You can buy a hone, or good quality stones cheaper and still get the sharpening job done just as well.

 

Another issue is how do you hold the knife?  Do you hold the handle in a "racket-style" full grip?  Or do you use a pinch grip?  There's just a small degree of curvature on the handle - and what you need to do is to try a cut both in a pinch grip and a racket-style grip.

 

See how well you can do either when doing a "guillotine and glide" style of push-cut (that's where you start off doing a downward chop and finish with a forward thrust - that way, you get a very clean and full cut through your food on one stroke).

 

Is 8 inches the appropriate length?  Many chefs now gravitate towards 10 inches.  And the 10 inch version is $349.95, compared to the $299.95 for the 8 inch version.  Not that much difference in cost, for quite a bit more functionality.  And with a pinch-grip, a 10 inch blade doesn't feel all that much bigger.

 

As for care, the proper method is to IMMEDIATELY wash and dry-wipe.  Wiping down with a wet towel and then with a dry towel doesn't quite cut it.  Not to mention food safety.

 

I'm not familiar with hands-on experience with 52100 steel, but my inclination is to force a thorough surface patina of Fe3O4 (that's a form of iron oxide, which is grey to blue to black in  color).  That patina acts as a tight oxidized surface on the surface of the blade and inhibits the formation of another form of iron oxide (Fe2O3), which is reddish and orange in coloration, and goes by the generic name of "rust".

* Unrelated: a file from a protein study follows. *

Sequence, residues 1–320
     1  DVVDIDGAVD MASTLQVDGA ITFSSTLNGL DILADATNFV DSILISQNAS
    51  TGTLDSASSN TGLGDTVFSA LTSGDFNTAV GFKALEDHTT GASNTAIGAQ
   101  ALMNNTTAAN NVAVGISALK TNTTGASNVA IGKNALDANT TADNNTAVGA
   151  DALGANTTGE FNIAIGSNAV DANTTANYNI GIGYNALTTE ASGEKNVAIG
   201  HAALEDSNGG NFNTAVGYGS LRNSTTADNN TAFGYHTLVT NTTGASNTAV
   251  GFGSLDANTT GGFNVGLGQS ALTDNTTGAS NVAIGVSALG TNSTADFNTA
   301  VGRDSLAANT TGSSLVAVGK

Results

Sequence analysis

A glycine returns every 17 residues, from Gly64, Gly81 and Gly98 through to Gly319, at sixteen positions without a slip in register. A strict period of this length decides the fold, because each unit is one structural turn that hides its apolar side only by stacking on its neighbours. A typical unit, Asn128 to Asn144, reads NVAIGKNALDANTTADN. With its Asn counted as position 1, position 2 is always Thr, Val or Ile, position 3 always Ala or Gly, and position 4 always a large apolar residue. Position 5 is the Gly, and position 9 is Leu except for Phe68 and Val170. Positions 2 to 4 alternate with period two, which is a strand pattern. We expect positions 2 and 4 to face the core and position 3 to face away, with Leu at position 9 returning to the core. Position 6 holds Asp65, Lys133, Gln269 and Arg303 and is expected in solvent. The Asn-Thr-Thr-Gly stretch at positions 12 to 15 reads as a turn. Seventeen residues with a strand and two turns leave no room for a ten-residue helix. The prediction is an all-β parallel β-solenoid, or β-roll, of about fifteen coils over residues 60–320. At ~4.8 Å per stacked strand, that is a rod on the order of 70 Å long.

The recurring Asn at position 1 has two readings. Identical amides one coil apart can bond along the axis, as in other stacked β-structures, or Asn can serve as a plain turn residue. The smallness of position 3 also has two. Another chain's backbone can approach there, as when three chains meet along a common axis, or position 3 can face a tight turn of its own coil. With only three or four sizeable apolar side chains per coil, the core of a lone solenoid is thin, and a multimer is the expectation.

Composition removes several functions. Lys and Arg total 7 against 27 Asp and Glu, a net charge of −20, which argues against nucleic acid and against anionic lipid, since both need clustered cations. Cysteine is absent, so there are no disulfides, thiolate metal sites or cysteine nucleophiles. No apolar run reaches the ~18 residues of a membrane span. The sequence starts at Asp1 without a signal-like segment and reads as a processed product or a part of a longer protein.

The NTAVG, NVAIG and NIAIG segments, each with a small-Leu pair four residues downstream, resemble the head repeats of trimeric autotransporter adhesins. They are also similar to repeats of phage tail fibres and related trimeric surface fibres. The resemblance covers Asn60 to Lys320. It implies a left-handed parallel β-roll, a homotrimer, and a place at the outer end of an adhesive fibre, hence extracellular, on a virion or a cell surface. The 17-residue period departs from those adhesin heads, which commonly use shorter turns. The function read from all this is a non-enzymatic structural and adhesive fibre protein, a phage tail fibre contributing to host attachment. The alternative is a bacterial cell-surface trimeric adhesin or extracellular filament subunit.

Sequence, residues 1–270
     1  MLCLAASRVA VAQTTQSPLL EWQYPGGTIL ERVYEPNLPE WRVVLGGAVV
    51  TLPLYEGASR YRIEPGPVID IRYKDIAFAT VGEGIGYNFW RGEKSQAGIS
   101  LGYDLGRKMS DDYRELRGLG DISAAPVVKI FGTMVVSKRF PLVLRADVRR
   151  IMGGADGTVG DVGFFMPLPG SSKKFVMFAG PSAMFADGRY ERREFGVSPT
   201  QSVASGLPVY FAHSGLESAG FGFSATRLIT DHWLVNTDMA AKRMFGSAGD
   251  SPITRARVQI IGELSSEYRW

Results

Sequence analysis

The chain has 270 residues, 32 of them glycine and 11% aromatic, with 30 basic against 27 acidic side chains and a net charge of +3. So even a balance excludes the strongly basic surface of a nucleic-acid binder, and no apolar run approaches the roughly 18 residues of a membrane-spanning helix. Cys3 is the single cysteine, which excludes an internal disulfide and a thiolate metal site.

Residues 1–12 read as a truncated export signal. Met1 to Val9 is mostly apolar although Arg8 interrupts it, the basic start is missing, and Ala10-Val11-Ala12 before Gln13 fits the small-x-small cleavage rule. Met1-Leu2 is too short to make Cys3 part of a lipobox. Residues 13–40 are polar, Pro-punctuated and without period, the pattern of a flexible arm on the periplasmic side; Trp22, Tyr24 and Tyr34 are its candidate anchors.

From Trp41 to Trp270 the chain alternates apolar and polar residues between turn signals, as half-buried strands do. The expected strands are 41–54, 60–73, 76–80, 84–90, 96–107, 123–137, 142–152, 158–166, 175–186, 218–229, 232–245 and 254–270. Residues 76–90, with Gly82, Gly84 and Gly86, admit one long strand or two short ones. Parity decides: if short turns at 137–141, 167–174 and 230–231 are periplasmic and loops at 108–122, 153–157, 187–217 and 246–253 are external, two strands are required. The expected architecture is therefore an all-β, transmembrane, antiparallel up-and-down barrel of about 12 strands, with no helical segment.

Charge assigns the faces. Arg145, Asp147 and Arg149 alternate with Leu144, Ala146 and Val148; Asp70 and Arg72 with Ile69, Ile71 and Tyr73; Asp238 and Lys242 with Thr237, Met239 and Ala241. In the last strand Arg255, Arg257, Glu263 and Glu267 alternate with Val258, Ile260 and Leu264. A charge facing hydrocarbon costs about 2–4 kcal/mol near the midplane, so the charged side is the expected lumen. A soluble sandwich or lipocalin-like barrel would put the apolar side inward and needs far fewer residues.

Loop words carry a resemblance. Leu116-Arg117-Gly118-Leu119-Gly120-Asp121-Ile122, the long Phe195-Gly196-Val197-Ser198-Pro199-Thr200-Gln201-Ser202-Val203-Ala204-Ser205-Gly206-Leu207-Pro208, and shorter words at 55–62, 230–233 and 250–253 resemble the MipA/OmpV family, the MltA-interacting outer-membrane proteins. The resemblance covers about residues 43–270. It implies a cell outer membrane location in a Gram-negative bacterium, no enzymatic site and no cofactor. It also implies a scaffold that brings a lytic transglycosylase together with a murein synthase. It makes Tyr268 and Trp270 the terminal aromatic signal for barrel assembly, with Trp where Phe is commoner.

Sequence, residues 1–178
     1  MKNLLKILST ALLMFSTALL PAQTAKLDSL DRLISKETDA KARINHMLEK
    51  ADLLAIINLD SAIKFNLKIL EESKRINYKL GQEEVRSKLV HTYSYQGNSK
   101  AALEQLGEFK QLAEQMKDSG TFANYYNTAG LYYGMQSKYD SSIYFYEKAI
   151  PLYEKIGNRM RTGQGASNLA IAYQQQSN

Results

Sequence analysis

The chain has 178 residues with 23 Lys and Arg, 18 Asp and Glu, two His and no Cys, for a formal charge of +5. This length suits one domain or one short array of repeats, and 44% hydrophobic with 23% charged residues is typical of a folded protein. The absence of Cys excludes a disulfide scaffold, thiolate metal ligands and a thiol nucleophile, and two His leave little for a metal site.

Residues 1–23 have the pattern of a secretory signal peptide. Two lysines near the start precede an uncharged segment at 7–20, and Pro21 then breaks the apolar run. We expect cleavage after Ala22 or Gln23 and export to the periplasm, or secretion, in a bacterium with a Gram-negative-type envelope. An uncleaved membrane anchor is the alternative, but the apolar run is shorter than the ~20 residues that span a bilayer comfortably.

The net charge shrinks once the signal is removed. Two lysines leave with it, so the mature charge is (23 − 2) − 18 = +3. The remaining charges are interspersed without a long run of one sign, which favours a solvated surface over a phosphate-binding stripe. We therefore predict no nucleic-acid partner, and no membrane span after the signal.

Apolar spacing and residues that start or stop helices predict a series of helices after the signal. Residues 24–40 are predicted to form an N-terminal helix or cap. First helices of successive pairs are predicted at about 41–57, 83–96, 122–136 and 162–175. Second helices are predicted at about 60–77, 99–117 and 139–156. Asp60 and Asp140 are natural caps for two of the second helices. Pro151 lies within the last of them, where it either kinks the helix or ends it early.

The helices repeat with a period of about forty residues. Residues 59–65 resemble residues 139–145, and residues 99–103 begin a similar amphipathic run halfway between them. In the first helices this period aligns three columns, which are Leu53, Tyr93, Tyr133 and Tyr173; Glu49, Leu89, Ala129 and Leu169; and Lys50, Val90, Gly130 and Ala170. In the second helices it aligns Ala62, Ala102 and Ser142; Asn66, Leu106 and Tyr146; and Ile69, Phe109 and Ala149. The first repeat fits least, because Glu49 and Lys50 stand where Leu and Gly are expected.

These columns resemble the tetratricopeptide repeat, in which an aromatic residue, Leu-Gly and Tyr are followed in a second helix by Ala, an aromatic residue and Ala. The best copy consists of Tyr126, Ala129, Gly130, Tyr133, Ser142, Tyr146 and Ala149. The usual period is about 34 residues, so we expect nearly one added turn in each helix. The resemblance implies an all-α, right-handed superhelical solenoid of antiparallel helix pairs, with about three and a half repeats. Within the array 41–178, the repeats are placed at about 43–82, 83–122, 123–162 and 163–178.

As for your budget, think through whether you have not only stones for sharpening, but also a good cutting board.  This is the type of knife which really deserves a good quality end grain hardwood cutting board.

 

You said you are familiar with Henckels and Wusthof.  Are you familiar with any other knives, such as better quality Japanese knives?  Would you consider one?  Would you consider trying one?

 

Hope that gives you food for thought.

 

Galley Swiller


Edited by Galley Swiller - 11/12/15 at 1:20pm
post #4 of 15

This is coming from someone who has only been smithing for a short time. Did work with some 52100 type steel. It's low in alloys.

We just oil quenched . If the knife is being put through a carburizing treatment I assume it would be very expensive. I can also remember some of the spec sheets on it. I think it's more of a mechanical steel where they need very strict tolerances. I'm sure there was a notation somewhere that this steel is great with specific and exact handling or it can be funky. Brittle, edge problems, realigning the blade, etc. I personally think it's an aircraft metal or mechanical that finishes as yea or nea. I'll go through my paper junk to see what I can find.